3) Get an overview of the treatment: if you’re thrown into fertility treatment you don’t really get time to prepare. I often didn’t know what was going to happen from one day to the next. All I knew was that my fridge and kitchen drawers were packed with syringes, an NHS cool bag and a sharps box. An overview at the start would have made all the difference. When you get your chart, ask your nurse to explain each stage so you get a sense of what happens when. The plan may change but at least you will come away happy there is a plan.

4) Embrace the internal scans – they are much nicer than a smear test: uncomfortable subject, yes, but worth tackling to put you at ease. When they said they’d like to scan me, I lifted my top thinking it would be a normal ultrasound. Let’s just say you can keep your top on but the knickers have to come off!

5) Don’t fear those needles: self-injecting sounds frightening but the needles are tiny, and once you get the hang of it you’ll be able to do it with your eyes shut (but please don’t!). The nurses can show you how, and the drug mixing bit is easy.

6) Read the instructions through to the end first: like all good cake recipes, you get the best results by reading through all the steps first.

7) Alternate injection sites: your thighs and tummy will love you. My friend also suggested you don’t take short cuts and try to inject through tights!

8) Be kind to yourself: sitting in the waiting room at the assisted conception unit I would often feel a bit like a fraud. We hadn’t tried to have children, so why should we deserve to be fast-tracked when other couples desperate for children have to wait in line? It was only when I was heading to hospital with my first box of Menopur that it hit me. I was just another woman trying her hardest to cling on to the hope of having a family. We don’t ask for cancer. We just have to be moved up the list because there is more than just the life of a baby on the line.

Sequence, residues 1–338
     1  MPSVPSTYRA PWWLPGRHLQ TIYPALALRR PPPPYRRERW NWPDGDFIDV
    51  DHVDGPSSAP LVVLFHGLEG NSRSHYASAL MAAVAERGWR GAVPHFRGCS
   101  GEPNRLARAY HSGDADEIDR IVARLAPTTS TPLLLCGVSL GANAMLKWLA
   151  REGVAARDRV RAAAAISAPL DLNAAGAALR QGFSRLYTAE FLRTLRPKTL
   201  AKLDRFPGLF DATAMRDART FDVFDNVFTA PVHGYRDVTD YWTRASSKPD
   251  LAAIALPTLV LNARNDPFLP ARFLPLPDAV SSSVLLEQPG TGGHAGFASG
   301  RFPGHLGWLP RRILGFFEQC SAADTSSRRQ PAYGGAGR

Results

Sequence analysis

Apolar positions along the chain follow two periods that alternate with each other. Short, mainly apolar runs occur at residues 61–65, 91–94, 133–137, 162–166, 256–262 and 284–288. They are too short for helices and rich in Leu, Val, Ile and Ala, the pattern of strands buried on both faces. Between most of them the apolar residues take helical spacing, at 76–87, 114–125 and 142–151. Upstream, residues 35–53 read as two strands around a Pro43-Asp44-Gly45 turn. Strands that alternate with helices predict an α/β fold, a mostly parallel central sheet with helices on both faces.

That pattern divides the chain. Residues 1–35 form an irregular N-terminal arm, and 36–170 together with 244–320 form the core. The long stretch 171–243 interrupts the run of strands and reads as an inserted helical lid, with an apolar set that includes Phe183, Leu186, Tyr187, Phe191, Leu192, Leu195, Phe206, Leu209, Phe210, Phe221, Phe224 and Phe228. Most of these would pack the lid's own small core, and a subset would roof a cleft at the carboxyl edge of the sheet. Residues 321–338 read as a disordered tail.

9) It’s OK to not be OK: one night I cried while preparing my injection. It wasn’t the needle but the fact I felt weary from the appointments, tests, cancer and babies – and the end wasn’t in sight. It may not be life-saving treatment but that doesn’t make it any less emotionally draining and tiring. It’s OK to just be the person you feel when you wake up in the morning. No one is judging.

10) Don’t worry about the egg collection procedure: one gown, one pair of foam slippers, one mesh cap, a quick sleep and you’re done. There is a bit of discomfort but if you’re doing this post surgery (I was post tummy tuck) you’ll be an anaesthetist’s dream!

11) Everyone needs a post-procedure treat: having been nil by mouth, all I was thinking about when they put me to sleep was the delicious raspberry doughnut waiting for me when I woke up.

12) It doesn’t have to end with the eggs: fertility back-up plans come in many forms, and I have just embarked on the second one. Zoladex is a hormone treatment injected as an implant to temporarily suppress your ovarian function. Views vary about its use, but having discussed it with my oncologist I had my first implant yesterday. As long as you don’t look at the needle you’ll be fine. Should I come through chemotherapy with my fertility intact I will never need to call assisted conception again.

If you’d told me as I was celebrating my engagement that I might be infertile by the time I eat my next mince pie, I would never have believed you. Now I know I’ve done everything in my power to keep the hope of being a parent alive.

We all deserve the chance to experience that first laugh, first step or first day at school. It’s a chance I hope you’ll take if time and health are on your side.

Find out more

If you’d like more information about fertility issues and breast cancer treatment (particularly the different options available to you) Breast Cancer Care produces a great booklet on fertility.

About Jackie

Jackie Scully is a 32-year-old publishing professional with stage 3 invasive lobular breast cancer. She is currently exploring the laughter, happiness and tears that can come from a breast cancer diagnosis on her uplifting blog Small boobs, big smiles.

Vita bloggers' views are their own and do not necessarily represent those of Breast Cancer Care or Vita magazine.